When greeting old friends after a period of absence, Ralph Waldo Emerson used to ask: “What has become clear to you since we last met?”
What is clear to us and many others is that market capitalism has arrived at a critical juncture. Even beyond the bailouts and recent volatility, the challenges of the climate crisis, water scarcity, income disparity, extreme poverty and disease must command our urgent attention.
The financial crisis has reinforced our view that sustainable development will be the primary driver of economic and industrial change over the next 25 years. As a result, old patterns and assumptions are now being re-examined in an effort to find new ways to use the strengths of capitalism to address this reality. Indeed, at the Harvard Business School Centennial Global Business Summit held earlier this month, the future of market capitalism was one of the principal themes discussed.
We founded Generation Investment Management in 2004 to develop a new philosophy of investment management and business more broadly. Our approach is based on the long-term, and on the explicit recognition that sustainability issues are central to business and should be incorporated in the analysis of business and management quality.
Nearly five years on, our conviction on the importance of sustainability in delivering long-term performance has increased. Indeed, the past year, and certainly the past two months, has reinforced our view on sustainability. While certainly not a complete list, the causes of the current financial crisis include: short-termism (including but not limited to increased leverage), poor governance and regulation, misaligned compensation and incentive systems, lack of transparency, and in some firms, poor leadership and a dysfunctional business culture.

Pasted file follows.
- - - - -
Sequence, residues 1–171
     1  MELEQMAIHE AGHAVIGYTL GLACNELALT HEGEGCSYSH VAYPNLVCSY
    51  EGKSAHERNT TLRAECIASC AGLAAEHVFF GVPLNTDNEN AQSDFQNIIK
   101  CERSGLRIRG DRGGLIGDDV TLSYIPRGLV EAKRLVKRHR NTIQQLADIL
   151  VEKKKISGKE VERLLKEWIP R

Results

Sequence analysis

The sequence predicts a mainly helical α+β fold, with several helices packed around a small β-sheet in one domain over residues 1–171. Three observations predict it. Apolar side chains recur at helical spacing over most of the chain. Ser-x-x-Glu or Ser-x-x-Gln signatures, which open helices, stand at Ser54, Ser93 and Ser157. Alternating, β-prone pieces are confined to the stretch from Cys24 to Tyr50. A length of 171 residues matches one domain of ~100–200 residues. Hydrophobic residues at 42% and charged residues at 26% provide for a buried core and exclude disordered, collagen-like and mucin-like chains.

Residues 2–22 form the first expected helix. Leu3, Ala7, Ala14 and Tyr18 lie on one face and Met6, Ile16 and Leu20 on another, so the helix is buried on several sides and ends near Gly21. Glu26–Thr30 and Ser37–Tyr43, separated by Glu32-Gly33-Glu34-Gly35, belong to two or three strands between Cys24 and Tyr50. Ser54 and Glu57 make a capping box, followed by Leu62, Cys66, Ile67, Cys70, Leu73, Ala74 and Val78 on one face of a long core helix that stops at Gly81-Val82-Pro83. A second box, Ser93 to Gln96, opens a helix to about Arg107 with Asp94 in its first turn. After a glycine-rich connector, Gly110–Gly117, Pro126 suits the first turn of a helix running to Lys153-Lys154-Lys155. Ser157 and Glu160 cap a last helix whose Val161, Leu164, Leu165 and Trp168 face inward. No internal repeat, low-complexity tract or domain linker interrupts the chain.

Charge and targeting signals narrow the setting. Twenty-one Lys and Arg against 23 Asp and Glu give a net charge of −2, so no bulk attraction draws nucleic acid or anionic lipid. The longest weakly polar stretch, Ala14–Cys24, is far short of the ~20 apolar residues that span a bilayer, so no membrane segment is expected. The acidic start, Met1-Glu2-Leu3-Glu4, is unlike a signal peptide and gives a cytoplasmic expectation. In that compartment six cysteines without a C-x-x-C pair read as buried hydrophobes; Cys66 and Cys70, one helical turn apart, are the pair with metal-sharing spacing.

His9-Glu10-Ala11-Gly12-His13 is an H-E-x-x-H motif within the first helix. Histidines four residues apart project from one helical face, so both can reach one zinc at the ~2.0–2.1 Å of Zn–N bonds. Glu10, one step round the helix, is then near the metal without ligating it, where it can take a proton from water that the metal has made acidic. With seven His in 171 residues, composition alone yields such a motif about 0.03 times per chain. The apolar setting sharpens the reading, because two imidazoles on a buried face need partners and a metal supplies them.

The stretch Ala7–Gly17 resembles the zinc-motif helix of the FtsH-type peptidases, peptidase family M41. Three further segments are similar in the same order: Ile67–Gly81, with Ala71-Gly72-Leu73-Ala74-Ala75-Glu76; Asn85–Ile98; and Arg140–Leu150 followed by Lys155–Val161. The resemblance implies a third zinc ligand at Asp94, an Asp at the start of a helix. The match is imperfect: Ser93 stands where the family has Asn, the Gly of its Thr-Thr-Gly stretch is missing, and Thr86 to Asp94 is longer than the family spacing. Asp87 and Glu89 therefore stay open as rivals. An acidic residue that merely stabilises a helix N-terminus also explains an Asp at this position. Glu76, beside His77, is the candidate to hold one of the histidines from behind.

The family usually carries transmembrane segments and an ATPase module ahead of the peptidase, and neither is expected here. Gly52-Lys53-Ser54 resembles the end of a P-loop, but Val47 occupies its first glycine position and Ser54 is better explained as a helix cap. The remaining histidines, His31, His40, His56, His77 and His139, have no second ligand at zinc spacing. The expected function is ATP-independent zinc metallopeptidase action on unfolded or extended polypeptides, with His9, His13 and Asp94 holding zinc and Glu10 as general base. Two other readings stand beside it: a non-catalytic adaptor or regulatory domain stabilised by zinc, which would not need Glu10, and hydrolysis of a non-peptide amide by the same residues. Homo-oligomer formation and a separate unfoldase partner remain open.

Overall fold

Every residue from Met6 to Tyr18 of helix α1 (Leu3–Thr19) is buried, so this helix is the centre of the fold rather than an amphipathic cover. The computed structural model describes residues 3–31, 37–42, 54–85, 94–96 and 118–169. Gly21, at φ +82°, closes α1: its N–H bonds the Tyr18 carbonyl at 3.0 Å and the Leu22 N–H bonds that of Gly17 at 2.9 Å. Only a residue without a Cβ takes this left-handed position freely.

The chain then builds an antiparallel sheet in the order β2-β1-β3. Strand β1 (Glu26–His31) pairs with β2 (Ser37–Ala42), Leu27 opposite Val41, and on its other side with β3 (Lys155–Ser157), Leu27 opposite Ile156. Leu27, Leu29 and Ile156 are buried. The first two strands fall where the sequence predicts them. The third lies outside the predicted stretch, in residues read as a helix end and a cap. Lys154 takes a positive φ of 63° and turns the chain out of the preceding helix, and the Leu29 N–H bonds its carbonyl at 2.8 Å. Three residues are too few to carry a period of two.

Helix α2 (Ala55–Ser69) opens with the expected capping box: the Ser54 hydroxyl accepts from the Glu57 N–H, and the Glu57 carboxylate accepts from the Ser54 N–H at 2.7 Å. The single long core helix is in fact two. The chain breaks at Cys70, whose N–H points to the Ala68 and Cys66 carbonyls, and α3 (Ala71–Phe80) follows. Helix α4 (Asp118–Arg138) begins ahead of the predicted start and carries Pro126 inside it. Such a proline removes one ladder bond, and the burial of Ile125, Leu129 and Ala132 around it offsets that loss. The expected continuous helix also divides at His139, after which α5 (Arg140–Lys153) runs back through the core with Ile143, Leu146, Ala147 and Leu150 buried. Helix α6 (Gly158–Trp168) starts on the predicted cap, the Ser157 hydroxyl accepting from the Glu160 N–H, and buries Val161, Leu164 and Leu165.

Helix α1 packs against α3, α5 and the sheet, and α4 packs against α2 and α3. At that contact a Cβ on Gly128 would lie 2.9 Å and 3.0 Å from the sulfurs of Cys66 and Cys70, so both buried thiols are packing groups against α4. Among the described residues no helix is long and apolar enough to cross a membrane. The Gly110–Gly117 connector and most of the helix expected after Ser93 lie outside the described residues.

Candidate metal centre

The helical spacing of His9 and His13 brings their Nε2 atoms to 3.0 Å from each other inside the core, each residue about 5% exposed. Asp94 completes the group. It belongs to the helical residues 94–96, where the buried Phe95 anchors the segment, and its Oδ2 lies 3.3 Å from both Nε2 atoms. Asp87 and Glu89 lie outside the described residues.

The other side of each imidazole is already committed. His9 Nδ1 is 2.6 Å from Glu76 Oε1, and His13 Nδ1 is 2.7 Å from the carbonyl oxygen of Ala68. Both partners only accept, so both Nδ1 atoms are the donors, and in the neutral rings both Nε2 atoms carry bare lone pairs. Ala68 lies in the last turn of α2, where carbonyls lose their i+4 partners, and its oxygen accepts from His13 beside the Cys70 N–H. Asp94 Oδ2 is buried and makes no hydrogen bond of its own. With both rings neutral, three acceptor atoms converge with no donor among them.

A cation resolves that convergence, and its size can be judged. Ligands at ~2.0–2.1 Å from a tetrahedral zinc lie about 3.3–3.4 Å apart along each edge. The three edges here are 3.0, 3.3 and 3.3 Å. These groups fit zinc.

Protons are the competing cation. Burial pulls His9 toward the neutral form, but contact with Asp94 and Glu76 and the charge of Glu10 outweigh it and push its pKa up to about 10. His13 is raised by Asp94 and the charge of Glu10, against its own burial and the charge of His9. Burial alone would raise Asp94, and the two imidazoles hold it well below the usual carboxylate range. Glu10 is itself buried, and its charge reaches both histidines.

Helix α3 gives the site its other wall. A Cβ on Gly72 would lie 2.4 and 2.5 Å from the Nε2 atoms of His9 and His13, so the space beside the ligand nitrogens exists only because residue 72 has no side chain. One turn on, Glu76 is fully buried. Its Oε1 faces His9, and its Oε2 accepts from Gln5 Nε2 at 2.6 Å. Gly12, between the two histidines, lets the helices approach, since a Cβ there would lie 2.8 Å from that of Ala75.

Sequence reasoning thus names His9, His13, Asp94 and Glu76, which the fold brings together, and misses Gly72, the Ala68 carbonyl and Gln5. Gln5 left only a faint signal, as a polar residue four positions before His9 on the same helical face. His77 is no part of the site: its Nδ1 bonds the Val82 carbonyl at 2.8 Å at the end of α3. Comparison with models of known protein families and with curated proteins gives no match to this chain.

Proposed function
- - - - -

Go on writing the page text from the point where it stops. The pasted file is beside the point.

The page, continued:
Forty years ago, Robert F. Kennedy reminded Americans that the Dow Jones Industrial Average and Gross National Product measure neither our national spirit nor our national achievement. Both metrics fail to consider the integrity of our environment, the health of our families and the quality of our education. As he put it, “the Gross National Product measures neither our wit nor our courage, neither our wisdom nor our learning, neither our compassion nor our devotion to country. It measures everything, in short, except that which makes life worthwhile.”
The Keynesian system of “national accounts,” which still serves as the backbone for determining today’s gross domestic product, is incomplete in its assessment of value. Principally established in the 1930s, this system is precise in its ability to account for capital goods, but dangerously imprecise in its ability to account for natural and human resources.
Business — and by extension the capital markets — need to change. We are too focused on the short term: quarterly earnings, instant opinion polls, rampant consumerism and living beyond our means. As we have often said, the market is long on short and short on long. Short-termism results in poor investment and asset allocation decisions, with disastrous effects on our economy. As Abraham Lincoln said at the time of America’s greatest danger, “We must disenthrall ourselves, and then we will save our country.”
At this moment, we are faced with the convergence of three interrelated crises: economic recession, energy insecurity and the overarching climate crisis. Solving any one of these challenges requires addressing all three.
For example, by challenging America to generate 100% carbon-free electricity within 10 years — with the building of a 21st century Unified National Smart Grid, and the electrification of our automobile fleet — we can encourage investment in our economy, secure domestic energy supplies, and create millions of jobs across the country.
We also need to internalize externalities — starting with a price on carbon. The longer we delay the internalization of this obviously material cost, the greater risk the economy faces from investing in high carbon content, “sub-prime” assets. Such investments ignore the reality of the climate crisis and its consequences for business. And as Jonathan Lash, president of the World Resources Institute recently said: “Nature does not do bailouts.”
Sustainability and long-term value creation are closely linked. Business and markets cannot operate in isolation from society or the environment.
Today, the sustainability challenges the planet faces are extraordinary and completely unprecedented. Business and the capital markets are best positioned to address these issues. And there are clearly higher expectations for businesses, and more serious consequences for running afoul of the boundaries of corporate responsibility. We need to return to first principles. We need a more long-term and responsible form of capitalism. We must develop sustainable capitalism.